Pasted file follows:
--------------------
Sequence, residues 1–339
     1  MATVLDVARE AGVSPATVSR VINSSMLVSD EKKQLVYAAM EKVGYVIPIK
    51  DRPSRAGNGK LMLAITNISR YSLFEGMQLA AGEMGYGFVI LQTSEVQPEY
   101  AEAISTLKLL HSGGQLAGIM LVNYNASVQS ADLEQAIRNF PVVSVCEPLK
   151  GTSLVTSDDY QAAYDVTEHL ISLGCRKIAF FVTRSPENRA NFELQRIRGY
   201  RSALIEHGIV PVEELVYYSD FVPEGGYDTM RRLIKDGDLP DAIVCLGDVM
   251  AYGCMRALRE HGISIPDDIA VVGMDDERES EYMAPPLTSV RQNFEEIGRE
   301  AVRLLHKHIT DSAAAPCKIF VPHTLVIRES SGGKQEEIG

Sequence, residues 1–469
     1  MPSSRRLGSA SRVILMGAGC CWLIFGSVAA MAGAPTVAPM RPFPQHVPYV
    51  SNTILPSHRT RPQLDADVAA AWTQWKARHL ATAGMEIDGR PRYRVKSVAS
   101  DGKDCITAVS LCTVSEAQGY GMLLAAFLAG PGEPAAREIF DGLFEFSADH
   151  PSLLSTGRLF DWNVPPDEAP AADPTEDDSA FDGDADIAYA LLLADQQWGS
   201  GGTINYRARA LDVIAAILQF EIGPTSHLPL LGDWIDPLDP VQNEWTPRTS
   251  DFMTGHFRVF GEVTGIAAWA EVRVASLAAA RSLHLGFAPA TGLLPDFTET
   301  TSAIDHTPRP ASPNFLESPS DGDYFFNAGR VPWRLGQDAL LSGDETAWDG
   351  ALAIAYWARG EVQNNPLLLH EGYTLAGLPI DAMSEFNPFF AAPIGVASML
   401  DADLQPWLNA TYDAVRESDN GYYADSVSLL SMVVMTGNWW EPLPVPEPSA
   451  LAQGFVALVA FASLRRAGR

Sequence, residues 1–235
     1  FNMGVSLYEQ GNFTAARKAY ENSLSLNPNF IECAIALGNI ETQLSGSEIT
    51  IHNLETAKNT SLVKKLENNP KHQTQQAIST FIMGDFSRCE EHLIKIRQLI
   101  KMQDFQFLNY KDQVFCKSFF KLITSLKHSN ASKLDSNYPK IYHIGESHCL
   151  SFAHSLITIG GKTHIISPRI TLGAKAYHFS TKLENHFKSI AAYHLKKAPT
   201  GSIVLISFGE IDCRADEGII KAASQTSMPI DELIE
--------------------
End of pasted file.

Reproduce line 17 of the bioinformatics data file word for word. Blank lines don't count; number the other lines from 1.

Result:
   351  ALAIAYWARG EVQNNPLLLH EGYTLAGLPI DAMSEFNPFF AAPIGVASML